class RetrievePortalDataWidget(QtWidgets.QWidget):

    def __init__(self, parent=None):
        QtWidgets.QWidget.__init__(self, parent)

        self._model = None
        self._selection_model = None
        self._list_files = None
        self._ui = Ui_RetrievePortalDataWidget()

        self._pennsieve_service = PennsieveService(connect=False)
        self._zinc = ZincHelper()


The next two methods that we will look at are simple methods that setup the applications response to the user clicking buttons and making selections. We also look at here how we modify the state of the user interface based on changes to the data presented to the user and the users response to the data.

    def _make_connections(self):

    def _update_ui(self):
        ready = len(self._selection_model.selectedRows()) > 0 if self._selection_model else False

The next methods that we will look at are the methods that get called when a button on the interface is clicked. This is where the sparc.client is used to actually interact with the SPARC eco-system.

When the search button is clicked we simply call the _retrieve_data method. When the download button is clicked the Pennsieve service is used to download the selected file. When the VTK button is clicked the Zinc helper is used to create a VTK export from an MBF Biosciences source file. And when the analyse button is clicked both the Pennsieve tool and the Zinc helper is used to download a file and analyse the file and report on whether it is suitable for fitting to a Zinc Scaffold or not.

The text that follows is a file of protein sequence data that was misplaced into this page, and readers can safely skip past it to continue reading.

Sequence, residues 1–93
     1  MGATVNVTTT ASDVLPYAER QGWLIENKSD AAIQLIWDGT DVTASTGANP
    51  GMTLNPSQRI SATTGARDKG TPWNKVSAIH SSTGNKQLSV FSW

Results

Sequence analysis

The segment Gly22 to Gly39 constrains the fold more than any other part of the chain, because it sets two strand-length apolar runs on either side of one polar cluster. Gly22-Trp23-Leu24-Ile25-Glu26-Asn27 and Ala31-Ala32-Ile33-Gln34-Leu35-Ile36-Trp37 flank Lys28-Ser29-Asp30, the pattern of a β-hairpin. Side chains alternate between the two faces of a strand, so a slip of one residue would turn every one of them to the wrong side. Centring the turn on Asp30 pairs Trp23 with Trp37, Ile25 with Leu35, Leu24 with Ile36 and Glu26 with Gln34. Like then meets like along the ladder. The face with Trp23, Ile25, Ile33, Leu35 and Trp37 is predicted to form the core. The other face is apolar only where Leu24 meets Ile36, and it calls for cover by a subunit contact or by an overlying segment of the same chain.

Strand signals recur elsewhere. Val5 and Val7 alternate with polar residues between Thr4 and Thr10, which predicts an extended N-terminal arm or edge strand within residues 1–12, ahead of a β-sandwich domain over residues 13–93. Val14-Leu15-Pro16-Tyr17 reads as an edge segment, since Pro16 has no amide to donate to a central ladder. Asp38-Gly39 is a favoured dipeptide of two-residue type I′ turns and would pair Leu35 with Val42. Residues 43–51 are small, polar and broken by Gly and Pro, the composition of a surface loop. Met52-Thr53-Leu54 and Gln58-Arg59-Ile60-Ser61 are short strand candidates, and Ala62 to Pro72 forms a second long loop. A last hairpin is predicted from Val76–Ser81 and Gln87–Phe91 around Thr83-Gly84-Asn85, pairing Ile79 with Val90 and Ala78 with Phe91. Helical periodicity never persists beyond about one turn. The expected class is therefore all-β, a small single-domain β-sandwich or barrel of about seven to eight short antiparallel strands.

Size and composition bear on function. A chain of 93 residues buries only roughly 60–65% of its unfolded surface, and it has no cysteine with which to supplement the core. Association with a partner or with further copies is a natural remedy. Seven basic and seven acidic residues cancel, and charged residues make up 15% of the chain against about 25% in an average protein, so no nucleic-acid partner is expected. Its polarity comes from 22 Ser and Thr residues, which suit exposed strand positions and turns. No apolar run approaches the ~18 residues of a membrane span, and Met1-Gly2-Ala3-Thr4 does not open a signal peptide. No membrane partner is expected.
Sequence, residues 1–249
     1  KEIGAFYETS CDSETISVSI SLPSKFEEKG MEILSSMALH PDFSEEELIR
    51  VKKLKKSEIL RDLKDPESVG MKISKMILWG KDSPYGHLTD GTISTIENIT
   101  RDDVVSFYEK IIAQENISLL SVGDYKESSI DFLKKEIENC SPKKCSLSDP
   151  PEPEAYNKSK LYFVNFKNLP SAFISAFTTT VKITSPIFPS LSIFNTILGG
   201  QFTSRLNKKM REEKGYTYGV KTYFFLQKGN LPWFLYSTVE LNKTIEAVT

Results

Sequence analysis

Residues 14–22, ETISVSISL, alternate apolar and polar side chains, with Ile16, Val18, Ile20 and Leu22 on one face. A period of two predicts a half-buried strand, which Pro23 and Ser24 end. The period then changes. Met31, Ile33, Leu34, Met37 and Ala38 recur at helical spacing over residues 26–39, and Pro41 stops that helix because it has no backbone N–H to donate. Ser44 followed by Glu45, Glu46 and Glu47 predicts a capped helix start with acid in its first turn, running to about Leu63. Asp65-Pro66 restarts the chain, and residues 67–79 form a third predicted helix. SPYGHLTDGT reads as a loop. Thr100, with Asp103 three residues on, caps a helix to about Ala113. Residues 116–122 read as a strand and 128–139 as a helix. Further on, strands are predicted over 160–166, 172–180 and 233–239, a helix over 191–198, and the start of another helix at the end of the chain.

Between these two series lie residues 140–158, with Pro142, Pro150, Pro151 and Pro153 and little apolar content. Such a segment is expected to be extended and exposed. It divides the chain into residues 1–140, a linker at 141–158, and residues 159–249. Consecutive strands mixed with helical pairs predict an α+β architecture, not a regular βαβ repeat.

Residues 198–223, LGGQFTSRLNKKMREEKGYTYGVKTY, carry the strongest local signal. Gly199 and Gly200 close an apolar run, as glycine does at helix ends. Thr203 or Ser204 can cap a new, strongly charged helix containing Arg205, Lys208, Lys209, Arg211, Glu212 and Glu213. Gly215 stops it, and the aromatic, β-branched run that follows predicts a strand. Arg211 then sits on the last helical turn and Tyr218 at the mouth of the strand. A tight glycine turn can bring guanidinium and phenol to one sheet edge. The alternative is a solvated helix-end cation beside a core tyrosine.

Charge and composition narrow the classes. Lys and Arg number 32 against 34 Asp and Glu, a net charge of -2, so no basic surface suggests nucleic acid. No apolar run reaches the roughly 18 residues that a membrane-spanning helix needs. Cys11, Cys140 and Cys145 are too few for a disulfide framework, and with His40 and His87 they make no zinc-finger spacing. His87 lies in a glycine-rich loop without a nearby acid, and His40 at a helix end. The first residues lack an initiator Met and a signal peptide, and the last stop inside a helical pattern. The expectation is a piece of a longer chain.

def _search_button_clicked(self):

    def _download_button_clicked(self):
        indexes = self._ui.tableViewSearchResult.selectionModel().selectedRows()
        for index in indexes:

    def _export_vtk_button_clicked(self):
        indexes = self._ui.tableViewSearchResult.selectionModel().selectedRows()
        for index in indexes:
            self._zinc.get_mbf_vtk(self._list_files[index.row()]['datasetId'], self._list_files[index.row()]['name'])

    def _analyse_button_clicked(self):
        indexes = self._ui.tableViewSearchResult.selectionModel().selectedRows()
        for index in indexes:
                    organ = self._ui.comboBoxAnalyse.currentText()
                    result = self._zinc.analyse(self._list_files[index.row()]['name'], organ)
                except ValueError:
                    result = "Input file must be an MBF XML file"